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06-22-2024

Air samples from Mars could reveal fascinating secrets

NASA’s Perseverance rover has been tirelessly collecting rock and soil samples on Mars. These samples are key to understanding the Red Planet‘s history and whether life ever existed there. But, hidden within these sample tubes, like a secret message, lies a potential treasure trove for atmospheric scientists – the Martian air.

Not just rocks and regolith

“Atmospheric scientists get a little more excited with every rock core NASA’s Perseverance Mars rover seals in its titanium sample tubes,” noted one of the researchers involved in the Mars Sample Return campaign.

While the rock and regolith samples directly provide insights into Mars’ geological composition and potential for past or present life, the trapped air, or “headspace,” offers a unique and complementary perspective. 

This air, sealed within the sample tubes alongside the solid materials, serves as a time capsule, preserving the atmospheric conditions at the time and location of collection. 

By analyzing the composition and properties of this headspace air, scientists can glean valuable information about Mars’ ancient and current climate, the evolution of its atmosphere, and the presence of trace gases that could shed light on the planet’s habitability and history.

Martian atmosphere: A time capsule

The Martian atmosphere, composed mainly of carbon dioxide, might contain trace amounts of other gases that have been around since the planet‘s formation. Studying this trapped air could help us understand how the Martian climate has changed over billions of years.

“The air samples from Mars would tell us not just about the current climate and atmosphere, but how it’s changed over time. It will help us understand how climates different from our own evolve,” explained Brandi Carrier, a planetary scientist at NASA‘s Jet Propulsion Laboratory.

A unique window into Mars’ water cycle

The air trapped in the sample tubes is not just any Martian air. It has been interacting with the rock samples inside the tubes for years, creating a unique microenvironment.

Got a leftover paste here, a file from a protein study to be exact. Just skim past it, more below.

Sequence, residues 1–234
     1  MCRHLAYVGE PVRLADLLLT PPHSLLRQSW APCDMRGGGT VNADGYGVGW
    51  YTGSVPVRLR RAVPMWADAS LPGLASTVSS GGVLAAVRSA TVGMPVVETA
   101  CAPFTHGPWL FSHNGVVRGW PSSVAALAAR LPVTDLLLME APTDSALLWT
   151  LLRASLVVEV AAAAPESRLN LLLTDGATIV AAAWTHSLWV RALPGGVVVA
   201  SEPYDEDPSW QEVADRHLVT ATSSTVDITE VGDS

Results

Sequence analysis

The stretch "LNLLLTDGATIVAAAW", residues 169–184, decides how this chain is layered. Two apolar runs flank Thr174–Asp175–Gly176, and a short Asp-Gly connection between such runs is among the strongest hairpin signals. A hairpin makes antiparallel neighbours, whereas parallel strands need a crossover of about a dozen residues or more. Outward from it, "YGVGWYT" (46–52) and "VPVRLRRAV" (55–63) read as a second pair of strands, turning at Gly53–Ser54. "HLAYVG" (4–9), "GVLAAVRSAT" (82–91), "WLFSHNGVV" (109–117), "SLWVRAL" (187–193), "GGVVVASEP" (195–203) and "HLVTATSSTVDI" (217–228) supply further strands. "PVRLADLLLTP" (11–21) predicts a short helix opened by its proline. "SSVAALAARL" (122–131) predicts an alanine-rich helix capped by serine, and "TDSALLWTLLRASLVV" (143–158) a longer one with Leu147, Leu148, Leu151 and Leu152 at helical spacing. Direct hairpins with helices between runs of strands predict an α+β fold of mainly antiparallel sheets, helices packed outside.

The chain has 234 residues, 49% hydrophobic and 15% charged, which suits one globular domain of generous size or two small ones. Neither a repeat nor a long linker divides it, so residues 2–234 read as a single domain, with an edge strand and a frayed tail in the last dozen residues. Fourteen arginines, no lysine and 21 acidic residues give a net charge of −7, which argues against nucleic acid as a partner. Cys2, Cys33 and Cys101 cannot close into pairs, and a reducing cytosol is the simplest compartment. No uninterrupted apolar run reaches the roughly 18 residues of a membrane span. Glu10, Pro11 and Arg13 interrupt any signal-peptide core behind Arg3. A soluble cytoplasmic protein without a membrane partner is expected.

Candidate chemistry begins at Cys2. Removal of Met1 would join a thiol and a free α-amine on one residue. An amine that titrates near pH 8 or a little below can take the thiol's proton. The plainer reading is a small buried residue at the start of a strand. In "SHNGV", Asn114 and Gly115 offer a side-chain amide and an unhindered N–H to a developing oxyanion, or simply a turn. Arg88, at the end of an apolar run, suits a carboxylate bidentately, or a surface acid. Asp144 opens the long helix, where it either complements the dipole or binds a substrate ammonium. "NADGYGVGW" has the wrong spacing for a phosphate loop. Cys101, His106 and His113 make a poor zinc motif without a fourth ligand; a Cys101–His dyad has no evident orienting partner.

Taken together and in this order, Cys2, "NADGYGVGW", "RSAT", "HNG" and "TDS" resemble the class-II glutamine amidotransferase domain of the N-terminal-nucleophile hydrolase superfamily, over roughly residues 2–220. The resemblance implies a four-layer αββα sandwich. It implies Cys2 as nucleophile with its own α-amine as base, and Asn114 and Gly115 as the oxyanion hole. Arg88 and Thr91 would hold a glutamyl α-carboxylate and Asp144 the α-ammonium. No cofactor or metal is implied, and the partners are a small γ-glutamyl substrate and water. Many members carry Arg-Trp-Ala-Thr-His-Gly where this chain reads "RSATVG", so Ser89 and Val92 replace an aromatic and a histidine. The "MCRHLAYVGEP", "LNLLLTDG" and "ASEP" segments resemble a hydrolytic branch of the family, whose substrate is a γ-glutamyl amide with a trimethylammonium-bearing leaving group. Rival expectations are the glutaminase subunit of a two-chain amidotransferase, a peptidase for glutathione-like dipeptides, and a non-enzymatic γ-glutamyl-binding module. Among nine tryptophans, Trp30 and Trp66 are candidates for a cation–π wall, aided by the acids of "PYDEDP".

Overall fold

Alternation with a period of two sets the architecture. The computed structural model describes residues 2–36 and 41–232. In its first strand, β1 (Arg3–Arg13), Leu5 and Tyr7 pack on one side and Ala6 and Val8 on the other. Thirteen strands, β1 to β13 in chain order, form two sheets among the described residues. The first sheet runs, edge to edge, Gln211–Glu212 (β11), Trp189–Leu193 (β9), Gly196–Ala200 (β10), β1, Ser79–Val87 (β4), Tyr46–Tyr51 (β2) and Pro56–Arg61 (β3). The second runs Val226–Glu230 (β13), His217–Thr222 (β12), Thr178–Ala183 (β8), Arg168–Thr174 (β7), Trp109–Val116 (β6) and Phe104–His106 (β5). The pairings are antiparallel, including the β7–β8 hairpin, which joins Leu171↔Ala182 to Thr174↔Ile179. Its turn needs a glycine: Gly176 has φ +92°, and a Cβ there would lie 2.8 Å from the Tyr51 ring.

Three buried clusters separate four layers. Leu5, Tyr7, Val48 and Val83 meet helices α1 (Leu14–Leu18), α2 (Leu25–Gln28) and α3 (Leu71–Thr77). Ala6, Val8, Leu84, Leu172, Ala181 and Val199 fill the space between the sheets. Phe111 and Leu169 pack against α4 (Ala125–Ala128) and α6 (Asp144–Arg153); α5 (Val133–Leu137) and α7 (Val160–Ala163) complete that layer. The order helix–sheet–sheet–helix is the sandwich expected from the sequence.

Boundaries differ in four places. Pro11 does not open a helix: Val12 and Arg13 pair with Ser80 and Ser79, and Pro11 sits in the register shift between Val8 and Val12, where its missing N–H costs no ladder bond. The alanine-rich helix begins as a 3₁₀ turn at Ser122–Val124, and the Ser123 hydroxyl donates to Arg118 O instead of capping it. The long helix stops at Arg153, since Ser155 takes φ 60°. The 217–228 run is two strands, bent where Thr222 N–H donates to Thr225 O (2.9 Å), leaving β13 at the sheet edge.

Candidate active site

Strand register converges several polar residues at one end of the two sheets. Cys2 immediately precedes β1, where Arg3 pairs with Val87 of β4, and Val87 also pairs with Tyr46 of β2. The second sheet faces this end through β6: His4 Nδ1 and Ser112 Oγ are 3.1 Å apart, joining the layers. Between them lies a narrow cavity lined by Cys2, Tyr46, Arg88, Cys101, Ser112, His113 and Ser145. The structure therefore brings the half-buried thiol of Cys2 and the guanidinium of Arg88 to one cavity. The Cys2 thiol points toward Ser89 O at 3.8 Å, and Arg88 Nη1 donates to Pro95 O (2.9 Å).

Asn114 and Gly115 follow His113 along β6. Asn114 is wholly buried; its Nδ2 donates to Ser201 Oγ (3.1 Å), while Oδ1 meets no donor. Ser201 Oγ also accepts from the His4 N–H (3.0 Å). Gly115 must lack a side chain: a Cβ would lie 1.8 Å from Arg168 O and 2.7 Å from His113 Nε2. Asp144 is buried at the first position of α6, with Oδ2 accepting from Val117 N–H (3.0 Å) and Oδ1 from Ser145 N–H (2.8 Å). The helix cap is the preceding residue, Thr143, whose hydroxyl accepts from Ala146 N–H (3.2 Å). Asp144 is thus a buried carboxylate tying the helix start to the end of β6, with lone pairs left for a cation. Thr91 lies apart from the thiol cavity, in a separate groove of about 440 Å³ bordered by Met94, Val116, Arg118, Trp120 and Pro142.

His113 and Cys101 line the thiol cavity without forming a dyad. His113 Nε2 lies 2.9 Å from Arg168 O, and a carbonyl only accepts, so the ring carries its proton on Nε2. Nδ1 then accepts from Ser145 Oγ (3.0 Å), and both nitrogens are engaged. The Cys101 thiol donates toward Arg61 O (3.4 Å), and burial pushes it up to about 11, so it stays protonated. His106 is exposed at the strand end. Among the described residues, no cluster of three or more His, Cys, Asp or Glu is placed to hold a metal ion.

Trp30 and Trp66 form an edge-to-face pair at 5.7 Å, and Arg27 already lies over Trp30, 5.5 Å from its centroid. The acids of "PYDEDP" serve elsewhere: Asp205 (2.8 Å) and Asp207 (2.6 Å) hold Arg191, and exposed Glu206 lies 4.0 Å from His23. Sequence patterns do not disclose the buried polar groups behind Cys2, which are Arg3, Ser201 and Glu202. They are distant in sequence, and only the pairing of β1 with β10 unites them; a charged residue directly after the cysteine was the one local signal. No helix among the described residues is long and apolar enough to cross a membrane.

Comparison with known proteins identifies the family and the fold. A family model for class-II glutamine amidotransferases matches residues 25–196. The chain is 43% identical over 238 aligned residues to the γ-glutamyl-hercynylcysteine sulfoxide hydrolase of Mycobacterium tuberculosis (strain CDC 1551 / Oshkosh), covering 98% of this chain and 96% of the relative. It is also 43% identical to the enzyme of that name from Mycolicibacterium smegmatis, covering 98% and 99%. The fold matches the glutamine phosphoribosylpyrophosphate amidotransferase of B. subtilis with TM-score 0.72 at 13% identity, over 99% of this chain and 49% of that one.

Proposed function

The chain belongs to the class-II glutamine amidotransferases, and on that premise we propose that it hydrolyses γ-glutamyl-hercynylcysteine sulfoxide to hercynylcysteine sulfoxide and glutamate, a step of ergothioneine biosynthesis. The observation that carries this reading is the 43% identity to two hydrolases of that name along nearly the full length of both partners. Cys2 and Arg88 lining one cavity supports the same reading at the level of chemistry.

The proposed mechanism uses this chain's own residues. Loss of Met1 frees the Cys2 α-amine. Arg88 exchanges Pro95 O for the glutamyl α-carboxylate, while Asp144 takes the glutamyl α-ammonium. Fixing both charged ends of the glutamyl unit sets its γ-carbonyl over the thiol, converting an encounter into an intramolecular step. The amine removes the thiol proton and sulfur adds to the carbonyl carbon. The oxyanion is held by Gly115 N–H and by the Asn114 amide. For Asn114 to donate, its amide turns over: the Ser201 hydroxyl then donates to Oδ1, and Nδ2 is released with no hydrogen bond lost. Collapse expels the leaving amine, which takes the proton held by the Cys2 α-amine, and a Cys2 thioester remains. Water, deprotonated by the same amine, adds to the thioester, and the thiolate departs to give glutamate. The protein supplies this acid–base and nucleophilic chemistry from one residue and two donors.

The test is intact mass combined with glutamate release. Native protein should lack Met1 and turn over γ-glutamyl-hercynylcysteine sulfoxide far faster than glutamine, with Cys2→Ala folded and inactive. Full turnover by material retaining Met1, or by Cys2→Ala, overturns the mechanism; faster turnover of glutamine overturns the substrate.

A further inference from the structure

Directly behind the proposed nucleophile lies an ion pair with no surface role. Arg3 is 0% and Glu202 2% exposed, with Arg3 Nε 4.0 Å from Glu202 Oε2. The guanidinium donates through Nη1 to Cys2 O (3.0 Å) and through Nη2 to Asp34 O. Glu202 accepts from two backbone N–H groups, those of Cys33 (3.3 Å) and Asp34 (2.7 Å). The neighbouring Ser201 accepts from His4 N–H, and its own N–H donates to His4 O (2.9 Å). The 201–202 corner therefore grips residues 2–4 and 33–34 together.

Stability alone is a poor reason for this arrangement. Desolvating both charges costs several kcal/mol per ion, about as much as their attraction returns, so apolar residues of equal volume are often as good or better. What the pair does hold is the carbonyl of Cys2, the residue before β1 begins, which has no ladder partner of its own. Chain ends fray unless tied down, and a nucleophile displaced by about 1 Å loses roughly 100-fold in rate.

Analyzing this “headspace” air will give scientists insight into the amount of water vapor present near the Martian surface. This information is crucial for understanding why ice forms where it does on Mars and how the planet’s water cycle has evolved.

Trace gases in Mars samples

The possible presence of noble gases within the Martian atmosphere represents a tantalizing scientific opportunity. Noble gases, such as neon, argon, and xenon, are known for their chemical inertness, meaning they rarely react with other elements. 

Due to this property, these gases could have persisted in the Martian atmosphere relatively unchanged since the planet’s formation billions of years ago. 

Analyzing the isotopic ratios and abundances of the noble gases could provide crucial insights into the initial composition of Mars’ atmosphere, whether it was present from the beginning or developed later, and how it has evolved over time. 

Furthermore, comparing the noble gas profiles of Mars and Earth could illuminate the processes involved in the formation and evolution of planetary atmospheres in our solar system.

The headspace could also provide valuable information about the size and toxicity of Martian dust particles. This data will be crucial for protecting future astronauts who venture to the Red Planet.

Apollo’s air: A lesson from the moon

The study of lunar samples returned by Apollo 17 has already demonstrated the feasibility and value of analyzing gases trapped in extraterrestrial materials. 

Although the Moon is commonly perceived as airless, it possesses a tenuous atmosphere that interacts with the lunar surface. 

Justin Simon, a geochemist at NASA’s Johnson Space Center, detailed how his team successfully extracted and analyzed gases from a 50-year-old lunar sample using a cold trap, a technique that involves rapidly cooling the gas to condense and separate its components. 

This same methodology could be applied to the Martian air samples collected by Perseverance, providing valuable insights into the composition and evolution of the Martian atmosphere.

Unraveling planetary evolution with Mars samples

The Martian air trapped within the Perseverance sample tubes is not just a scientific curiosity; it’s a potential game-changer. Studying it will help us understand how planets form and evolve, making it relevant to scientists across various disciplines.

“Even scientists who don’t study Mars would be interested because it will shed light on how planets form and evolve,” explained Simon, who is a key member of the team deciding which samples Perseverance collects.

The Martian air samples might be small, but their potential impact is enormous. They could unlock secrets about Mars’ past, present, and future, providing valuable insights for both scientific exploration and human missions to the Red Planet.

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